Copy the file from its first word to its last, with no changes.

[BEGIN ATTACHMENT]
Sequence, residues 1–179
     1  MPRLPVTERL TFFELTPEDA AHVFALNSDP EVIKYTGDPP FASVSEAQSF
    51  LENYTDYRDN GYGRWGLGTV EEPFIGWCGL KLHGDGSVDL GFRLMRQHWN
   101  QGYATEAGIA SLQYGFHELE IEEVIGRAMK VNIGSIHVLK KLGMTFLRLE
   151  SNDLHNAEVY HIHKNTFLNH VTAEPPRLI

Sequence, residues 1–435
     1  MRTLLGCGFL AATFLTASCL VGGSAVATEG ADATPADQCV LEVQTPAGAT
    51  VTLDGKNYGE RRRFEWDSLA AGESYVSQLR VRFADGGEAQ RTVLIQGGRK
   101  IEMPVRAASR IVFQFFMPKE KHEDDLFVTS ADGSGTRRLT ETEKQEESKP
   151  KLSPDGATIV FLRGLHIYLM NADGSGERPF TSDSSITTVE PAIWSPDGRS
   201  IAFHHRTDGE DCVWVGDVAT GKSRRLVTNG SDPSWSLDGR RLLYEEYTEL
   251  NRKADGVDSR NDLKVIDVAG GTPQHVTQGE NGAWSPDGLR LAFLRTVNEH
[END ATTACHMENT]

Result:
Sequence, residues 1–179
     1  MPRLPVTERL TFFELTPEDA AHVFALNSDP EVIKYTGDPP FASVSEAQSF
    51  LENYTDYRDN GYGRWGLGTV EEPFIGWCGL KLHGDGSVDL GFRLMRQHWN
   101  QGYATEAGIA SLQYGFHELE IEEVIGRAMK VNIGSIHVLK KLGMTFLRLE
   151  SNDLHNAEVY HIHKNTFLNH VTAEPPRLI

Sequence, residues 1–435
     1  MRTLLGCGFL AATFLTASCL VGGSAVATEG ADATPADQCV LEVQTPAGAT
    51  VTLDGKNYGE RRRFEWDSLA AGESYVSQLR VRFADGGEAQ RTVLIQGGRK
   101  IEMPVRAASR IVFQFFMPKE KHEDDLFVTS ADGSGTRRLT ETEKQEESKP
   151  KLSPDGATIV FLRGLHIYLM NADGSGERPF TSDSSITTVE PAIWSPDGRS
   201  IAFHHRTDGE DCVWVGDVAT GKSRRLVTNG SDPSWSLDGR RLLYEEYTEL
   251  NRKADGVDSR NDLKVIDVAG GTPQHVTQGE NGAWSPDGLR LAFLRTVNEH